Paperback
6.7 x 9.3
156 Pgs
SKU:
9781770463301
$29.95 CAD/$24.95 USD

Who owns the story of an adoption?

Thousands of South Korean children were adopted around the world in the 1970s and 1980s. More than nine thousand found their new home in Sweden, including the cartoonist Lisa Wool-Rim Sjöblom, who was adopted when she was two years old. Throughout her childhood she struggled to fit into the homogenous Swedish culture and was continually told to suppress the innate desire to know her origins. “Be thankful,” she was told; surely her life in Sweden was better than it would have been in Korea. Like many adoptees, Sjöblom learned to bury the feeling of abandonment.

In Palimpsest, an emotionally charged memoir, Sjöblom’s unaddressed feelings about her adoption come to a head when she is pregnant with her first child. When she discovers a document containing the names of her biological parents, she realizes her own history may not match up with the story she’s been told her whole life: that she was an orphan without a background.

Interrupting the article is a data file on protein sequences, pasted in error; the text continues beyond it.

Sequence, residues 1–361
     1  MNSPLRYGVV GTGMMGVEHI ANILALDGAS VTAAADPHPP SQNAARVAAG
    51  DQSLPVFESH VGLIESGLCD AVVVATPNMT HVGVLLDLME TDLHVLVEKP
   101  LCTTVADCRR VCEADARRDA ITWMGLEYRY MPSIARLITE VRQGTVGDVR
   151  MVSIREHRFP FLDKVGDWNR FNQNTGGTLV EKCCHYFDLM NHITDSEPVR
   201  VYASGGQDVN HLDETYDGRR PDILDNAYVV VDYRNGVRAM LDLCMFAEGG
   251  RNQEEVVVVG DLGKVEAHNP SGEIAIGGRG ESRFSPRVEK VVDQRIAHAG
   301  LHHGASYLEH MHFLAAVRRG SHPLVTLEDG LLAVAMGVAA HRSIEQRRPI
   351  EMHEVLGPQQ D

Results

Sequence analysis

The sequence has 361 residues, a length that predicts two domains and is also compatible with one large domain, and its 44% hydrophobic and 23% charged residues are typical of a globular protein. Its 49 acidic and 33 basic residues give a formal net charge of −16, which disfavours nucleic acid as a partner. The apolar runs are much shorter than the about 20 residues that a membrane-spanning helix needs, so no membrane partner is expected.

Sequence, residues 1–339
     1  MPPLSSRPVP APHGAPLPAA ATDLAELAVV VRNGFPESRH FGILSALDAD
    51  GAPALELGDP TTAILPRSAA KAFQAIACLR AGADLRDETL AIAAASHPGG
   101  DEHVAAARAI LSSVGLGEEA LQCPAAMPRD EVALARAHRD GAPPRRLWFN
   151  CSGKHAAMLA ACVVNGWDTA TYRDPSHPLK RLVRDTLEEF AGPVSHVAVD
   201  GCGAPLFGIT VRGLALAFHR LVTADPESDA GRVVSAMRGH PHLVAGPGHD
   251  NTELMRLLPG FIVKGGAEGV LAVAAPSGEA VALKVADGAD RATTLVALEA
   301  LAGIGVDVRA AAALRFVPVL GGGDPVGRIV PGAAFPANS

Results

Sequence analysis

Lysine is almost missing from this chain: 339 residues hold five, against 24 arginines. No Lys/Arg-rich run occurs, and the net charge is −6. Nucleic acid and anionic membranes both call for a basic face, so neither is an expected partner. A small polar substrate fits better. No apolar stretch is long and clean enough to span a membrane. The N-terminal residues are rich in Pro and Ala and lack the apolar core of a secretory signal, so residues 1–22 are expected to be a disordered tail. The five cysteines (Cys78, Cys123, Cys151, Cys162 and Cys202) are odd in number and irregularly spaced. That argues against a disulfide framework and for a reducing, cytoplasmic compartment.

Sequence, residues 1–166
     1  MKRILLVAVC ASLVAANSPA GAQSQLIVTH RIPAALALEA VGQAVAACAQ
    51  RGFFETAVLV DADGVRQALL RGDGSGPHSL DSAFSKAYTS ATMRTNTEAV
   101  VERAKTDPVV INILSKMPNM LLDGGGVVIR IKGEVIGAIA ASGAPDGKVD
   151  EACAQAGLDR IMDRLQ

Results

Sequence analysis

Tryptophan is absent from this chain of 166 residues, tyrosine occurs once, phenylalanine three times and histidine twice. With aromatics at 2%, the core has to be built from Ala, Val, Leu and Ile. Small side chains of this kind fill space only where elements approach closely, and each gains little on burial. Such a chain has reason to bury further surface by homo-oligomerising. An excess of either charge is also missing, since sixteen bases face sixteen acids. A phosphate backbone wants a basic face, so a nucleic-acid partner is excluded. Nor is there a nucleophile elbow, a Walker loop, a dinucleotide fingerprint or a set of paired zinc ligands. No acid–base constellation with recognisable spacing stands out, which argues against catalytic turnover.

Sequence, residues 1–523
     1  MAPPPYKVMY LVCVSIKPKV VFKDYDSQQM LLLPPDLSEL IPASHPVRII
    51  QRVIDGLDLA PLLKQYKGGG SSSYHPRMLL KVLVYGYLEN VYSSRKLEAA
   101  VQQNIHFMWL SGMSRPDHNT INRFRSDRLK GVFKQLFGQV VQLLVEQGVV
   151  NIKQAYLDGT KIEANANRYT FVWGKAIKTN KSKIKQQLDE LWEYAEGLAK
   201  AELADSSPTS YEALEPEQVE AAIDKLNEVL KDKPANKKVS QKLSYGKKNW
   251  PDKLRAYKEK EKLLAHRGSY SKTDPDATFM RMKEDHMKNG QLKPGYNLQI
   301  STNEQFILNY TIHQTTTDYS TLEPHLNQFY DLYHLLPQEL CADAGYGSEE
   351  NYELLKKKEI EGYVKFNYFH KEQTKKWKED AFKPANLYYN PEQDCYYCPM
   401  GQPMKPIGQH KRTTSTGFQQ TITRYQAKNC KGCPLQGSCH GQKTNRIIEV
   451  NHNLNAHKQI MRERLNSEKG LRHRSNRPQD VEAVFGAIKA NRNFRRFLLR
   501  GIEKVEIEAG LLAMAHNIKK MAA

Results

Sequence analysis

As Sjöblom digs deeper into her own backstory, returning to Korea and the orphanage, she finds that the truth is much more complicated than the story she was told and struggled to believe. The sacred image of adoption as a humanitarian act that gives parents to orphans begins to unravel. Sjöblom’s beautiful autumnal tones and clear-line style belie the complicated nature of this graphic memoir’s vital central question: Who owns the story of an adoption?

Praise for Palimpsest

Palimpsest is a beautifully rendered and emotionally gripping graphic novel that underlines the multitudes of losses transnational adoptees experience. In telling her story, Sjöblom illustrates the violence adoptees experience as a result of being denied access to their own histories. Palimpsest artfully captures the personal struggles of transnational adoptee birth search, as well as the inequities and injustices embedded within the history of the international adoption industry.

Kim Park Nelson, Invisible Asians: Korean American Adoptees, Asian American Experiences, and Racial Exceptionalism
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